Friday's 7:30 p.m. preseason opener at Paul Brown Stadium against the Jets (11:35 p.m.-Cincinnati's Channel 12) is on top of us and that means the search is on to find the next Andrew Hawkins.
The unknown rookie or unheralded veteran left for dead in the un-life on the outskirts of an NFL depth chart that live streams out of nowhere and makes it.
And sticks around for a year and maybe longer.
Is it rookie free agent middle linebacker Vontaze Burfict and his riches-to-rags-and-maybe-back-to riches story? Is it third-year running back Aaron Brown and his 45 obscure pro carries? Is it defensive end DeQuin Evans, whose rookie year last season ended injured on the practice squad?
Heck, Andrew Hawkins is hoping he's the next Andrew Hawkins as he suddenly embarks on a new career in his second NFL season.
Even though he's never returned a punt or a kick in a regular-season game, Hawkins is listed for both as No. 2 on the depth chart. And with No. 1 Brandon Tate also lining up No. 1 at the wide receiver opposite A.J. Green, Hawkins is going to have more returns than Macy's on Dec. 26.
"I feel good that the coaches have the confidence in me and they want to teach me and help me out," Hawkins said before practice Tuesday. "I figure it helps add years to my career. It's something I've really been working on and I really hope it shines through in the preseason."
It did last preseason. The preseason is why he's here. Hawkins is that guy that coaches talk about incessantly this time of year.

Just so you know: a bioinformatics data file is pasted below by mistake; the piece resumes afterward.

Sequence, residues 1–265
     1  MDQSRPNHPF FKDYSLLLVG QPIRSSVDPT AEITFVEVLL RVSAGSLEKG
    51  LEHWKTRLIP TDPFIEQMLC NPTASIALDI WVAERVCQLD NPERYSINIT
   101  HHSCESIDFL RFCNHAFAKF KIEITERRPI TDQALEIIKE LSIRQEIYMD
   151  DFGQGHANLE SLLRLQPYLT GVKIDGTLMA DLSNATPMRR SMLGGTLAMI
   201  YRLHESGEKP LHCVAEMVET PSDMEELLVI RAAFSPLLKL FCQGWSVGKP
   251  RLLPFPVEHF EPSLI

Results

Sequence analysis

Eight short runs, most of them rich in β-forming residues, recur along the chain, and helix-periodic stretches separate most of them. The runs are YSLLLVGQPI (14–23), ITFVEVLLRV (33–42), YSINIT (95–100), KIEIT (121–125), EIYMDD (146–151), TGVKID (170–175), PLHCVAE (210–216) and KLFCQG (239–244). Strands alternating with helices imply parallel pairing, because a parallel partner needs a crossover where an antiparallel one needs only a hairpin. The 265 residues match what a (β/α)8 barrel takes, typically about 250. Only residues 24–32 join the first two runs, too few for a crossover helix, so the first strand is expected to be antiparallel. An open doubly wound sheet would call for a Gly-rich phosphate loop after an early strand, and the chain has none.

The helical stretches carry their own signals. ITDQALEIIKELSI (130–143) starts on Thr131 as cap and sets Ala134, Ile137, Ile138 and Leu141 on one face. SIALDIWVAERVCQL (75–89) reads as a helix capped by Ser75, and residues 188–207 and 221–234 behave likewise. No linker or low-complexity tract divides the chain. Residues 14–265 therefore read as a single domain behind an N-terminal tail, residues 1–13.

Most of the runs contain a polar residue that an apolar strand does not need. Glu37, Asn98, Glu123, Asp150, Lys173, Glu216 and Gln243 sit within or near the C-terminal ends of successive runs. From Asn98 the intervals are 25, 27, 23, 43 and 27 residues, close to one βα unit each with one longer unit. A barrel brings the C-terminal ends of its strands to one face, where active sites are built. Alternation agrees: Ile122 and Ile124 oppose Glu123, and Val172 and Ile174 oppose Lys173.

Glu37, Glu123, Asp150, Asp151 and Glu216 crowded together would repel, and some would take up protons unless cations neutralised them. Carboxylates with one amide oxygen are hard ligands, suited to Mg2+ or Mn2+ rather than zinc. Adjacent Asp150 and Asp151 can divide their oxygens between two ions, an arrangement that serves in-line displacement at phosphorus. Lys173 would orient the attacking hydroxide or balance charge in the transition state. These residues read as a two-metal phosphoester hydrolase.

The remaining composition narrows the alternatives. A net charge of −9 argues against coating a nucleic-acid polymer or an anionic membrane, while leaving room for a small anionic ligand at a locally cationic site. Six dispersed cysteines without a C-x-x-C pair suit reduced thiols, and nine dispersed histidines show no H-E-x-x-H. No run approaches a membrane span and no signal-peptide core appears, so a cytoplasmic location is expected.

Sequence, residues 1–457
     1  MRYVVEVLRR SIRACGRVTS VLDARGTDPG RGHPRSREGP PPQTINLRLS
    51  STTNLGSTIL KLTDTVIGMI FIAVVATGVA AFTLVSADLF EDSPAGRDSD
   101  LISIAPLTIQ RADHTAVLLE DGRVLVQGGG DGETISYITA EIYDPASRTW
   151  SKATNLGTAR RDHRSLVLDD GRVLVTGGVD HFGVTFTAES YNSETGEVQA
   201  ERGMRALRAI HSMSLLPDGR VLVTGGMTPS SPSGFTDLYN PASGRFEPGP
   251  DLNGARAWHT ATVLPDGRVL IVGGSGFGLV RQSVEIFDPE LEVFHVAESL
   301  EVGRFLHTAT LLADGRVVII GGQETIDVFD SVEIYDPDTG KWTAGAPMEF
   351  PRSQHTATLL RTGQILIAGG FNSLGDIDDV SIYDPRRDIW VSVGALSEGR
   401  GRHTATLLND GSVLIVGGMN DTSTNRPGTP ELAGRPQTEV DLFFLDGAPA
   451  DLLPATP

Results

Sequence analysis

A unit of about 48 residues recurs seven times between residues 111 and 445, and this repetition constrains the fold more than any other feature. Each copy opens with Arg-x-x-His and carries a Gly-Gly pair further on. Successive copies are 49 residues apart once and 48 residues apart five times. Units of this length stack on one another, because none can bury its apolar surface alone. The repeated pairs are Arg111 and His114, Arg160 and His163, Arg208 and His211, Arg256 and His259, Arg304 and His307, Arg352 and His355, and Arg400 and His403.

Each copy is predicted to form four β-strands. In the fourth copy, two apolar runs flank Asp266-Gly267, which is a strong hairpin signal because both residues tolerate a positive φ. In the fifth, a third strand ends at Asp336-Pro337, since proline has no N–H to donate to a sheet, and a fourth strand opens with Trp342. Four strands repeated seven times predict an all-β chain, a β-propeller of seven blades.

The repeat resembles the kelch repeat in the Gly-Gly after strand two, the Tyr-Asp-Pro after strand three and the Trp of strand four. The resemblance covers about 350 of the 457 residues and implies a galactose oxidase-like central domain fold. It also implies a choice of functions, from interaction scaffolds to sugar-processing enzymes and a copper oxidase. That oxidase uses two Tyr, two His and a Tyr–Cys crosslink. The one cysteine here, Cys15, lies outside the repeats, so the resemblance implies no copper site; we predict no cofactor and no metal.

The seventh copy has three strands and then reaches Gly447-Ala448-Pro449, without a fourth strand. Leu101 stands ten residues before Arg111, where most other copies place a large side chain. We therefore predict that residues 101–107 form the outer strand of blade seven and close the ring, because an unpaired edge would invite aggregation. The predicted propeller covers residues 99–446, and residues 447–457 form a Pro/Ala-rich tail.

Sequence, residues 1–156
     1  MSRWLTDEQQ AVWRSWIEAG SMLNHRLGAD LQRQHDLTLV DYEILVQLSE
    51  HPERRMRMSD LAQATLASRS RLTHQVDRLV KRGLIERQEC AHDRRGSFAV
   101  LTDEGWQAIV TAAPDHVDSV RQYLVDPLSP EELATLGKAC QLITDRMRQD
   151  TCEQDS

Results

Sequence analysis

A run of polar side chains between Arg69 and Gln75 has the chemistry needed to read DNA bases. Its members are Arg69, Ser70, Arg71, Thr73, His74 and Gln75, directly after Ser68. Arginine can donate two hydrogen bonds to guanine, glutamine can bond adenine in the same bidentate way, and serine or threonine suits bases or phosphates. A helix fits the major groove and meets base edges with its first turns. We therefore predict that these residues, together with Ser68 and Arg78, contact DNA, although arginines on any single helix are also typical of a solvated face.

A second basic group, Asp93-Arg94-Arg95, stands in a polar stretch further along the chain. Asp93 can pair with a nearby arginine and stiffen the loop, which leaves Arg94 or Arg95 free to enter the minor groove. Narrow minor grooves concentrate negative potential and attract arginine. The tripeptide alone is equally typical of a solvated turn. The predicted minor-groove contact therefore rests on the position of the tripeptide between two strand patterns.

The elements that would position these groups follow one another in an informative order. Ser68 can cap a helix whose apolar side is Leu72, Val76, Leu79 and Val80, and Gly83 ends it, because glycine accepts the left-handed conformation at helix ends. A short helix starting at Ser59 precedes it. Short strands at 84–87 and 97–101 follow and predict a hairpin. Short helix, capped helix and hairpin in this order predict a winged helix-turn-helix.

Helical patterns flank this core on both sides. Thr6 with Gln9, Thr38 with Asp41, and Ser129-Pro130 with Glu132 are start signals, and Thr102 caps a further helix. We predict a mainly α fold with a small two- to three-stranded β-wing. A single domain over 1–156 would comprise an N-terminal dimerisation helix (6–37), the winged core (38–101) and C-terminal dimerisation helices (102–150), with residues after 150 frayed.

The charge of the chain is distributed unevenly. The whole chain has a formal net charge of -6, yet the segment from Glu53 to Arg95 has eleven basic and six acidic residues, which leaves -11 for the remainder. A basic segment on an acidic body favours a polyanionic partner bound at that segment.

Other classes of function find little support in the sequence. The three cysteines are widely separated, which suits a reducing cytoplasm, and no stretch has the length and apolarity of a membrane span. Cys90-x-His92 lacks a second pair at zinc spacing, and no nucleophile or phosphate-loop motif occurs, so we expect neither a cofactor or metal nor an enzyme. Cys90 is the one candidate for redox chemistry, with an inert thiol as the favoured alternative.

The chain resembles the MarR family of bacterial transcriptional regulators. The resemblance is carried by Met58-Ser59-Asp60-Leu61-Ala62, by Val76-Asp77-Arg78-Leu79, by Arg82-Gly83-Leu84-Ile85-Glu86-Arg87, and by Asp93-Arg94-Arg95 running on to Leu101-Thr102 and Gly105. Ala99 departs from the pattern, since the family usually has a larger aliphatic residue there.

"When you cut to the chase, that's how Andrew Hawkins made our team last year," said special teams coordinator Darrin Simmons. "He made plays in preseason games. He made a ton of plays against the Jets as a gunner and he (ended up playing) in every game we played."
Two years ago Hawkins was helping coach the receivers at his alma mater of Toledo and sleeping on a friend's couch after a summer working as a caddy. Now he's coming off an offseason in Columbus where he became a father for the first time, worked out with NFL stars like Lance Moore, and did a lot of work in the community that included a raft of speaking engagements.
Last year's preseason turned into a pretty nice offseason. Andrew Austin Wyatt Hawkins is the cover of the NFL preseason program.
"He treats everyone equally, so to those that don't know him he seems like your average guy," says his brother, former Bengals cornerback Artrell Hawkins. "But for those that do know him, he's an extraordinary guy. He's very bright. He's always been an A and B student. He'll tell you how he taught himself to read.
"And even though he's 10 years younger than me, I consult him on pretty much everything. He's my go-to guy. He's my consigliore."
The Jets are coming up the Jersey Shore Friday night, but it was last season's Jets game in the preseason, a total of 353 days ago, that actually was Hawkins's Bengals debut. He had a 15-yard catch, downed a punt on the Jets 1, had a special teams tackle, and chased down linebacker Brasheed Satele at the Bengals 4 to prevent an interception run-back for a touchdown.
"He made the team last year just in his energy and effort and how he practiced and did things," said head coach Marvin Lewis. "And every time he got an opportunity he took full advantage of it."
The 5-7, 180-pound Hawkins has supplied his own road map. He would seem to already have plenty on such a big plate. With Andre Caldwell gone and Jordan Shipley coming back slowly from ACL surgery, Hawkins is emerging as the No. 1 slot receiver. He's also a returning gunner on the punt cover team and a returner on the kick cover team after helping lead both to top 10 NFL finishes.
The only other Bengals receiver who has the speed to run away after the catch is the Pro Bowler Green, so you would think with all that Hawkins appears to be a good bet to make the roster without being a returner.